Dr. Bruce Hensel
A new treatment for drug and alcohol addiction can reduce or eliminate the cravings and withdrawal symptoms with a tiny implant. As Dr. Bruce Hensel explains, it helped a former child TV star overcome his alcoholism and get his life back on track. Dr. Bruce Hensel reports for the NBC4 News at 5 on Monday, June 23, 2014.
Child star Jeremy Miller was an addict until he discovered a new implantable drug that promised to put an end to his alcohol addiction.
Miller, known for his role as Ben Seaver in the popular 1980s sitcom "Growing Pains," started drinking alcohol when he was 19 years old.
“It became an all day, everyday thing,” Miller said. “It was four or five drinks a day, but it kept on like that for 15 years.”
On the verge of losing his family, Miller knew he couldn’t live that way, so he turned to Start Fresh Recovery for help.
Start Fresh Recovery uses an implantable form of the drug Naltrexone to reduce and eliminate cravings for drugs or alcohol.
Although a pill form of the drug has been available for 20 years, it hasn’t been as effective.
“They think, ‘I don’t need this. I’m doing so well.’ And they will stop taking it,” said Dr. George Fallieras, medical director of Start Fresh Discovery.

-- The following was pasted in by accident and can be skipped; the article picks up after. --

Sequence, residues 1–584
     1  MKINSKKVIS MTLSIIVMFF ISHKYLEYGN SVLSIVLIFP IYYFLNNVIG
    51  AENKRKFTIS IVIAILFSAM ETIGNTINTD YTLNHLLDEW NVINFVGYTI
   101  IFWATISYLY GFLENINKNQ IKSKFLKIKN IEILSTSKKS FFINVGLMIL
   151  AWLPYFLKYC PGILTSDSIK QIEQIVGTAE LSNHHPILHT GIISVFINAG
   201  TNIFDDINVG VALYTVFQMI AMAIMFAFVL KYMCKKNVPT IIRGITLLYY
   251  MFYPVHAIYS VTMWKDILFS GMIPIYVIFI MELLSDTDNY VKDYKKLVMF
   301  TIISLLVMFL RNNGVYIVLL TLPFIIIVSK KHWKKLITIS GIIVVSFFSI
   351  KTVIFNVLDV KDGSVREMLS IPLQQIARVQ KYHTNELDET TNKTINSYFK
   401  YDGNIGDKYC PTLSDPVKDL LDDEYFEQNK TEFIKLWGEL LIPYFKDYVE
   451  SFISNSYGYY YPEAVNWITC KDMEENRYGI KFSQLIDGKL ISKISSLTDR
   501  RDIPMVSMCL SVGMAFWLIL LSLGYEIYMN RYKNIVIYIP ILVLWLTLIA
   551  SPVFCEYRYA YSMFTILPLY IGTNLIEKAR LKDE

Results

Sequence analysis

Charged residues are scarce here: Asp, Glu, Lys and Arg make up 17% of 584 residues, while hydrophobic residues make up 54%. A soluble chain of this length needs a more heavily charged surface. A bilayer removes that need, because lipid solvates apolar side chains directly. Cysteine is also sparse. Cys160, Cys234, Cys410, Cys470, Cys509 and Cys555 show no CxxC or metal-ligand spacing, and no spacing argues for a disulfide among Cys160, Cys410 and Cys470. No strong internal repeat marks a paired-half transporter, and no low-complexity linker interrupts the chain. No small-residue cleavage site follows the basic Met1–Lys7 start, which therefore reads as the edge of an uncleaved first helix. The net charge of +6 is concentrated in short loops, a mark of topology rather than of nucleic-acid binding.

But using an implantable form of the drug completely removes that variable of compliance.
The procedure takes about 20 minutes, and once it’s implanted in the abdomen, it slowly dissolves and releases medication over a period of six to eight months.
The patient receives a very low, yet effective dose that helps eliminate the urge to drink or use drugs.
Addicts then have the opportunity to fully participate in their recovery program without experiencing any withdrawals.
“They are not ravaged by this craving,” Fallieras said.
Start Fresh Recovery helped Miller put an end to his addiction. He has been sober for two years now.
“That craving is not there and life is coming together,” Miller said. “Sobriety is an incredible feeling.”
Dr. Bruce’s advice: Although the medication helps, it’s only one part of the program. Patients still need to commit to counseling and changing their behavior to recover successfully.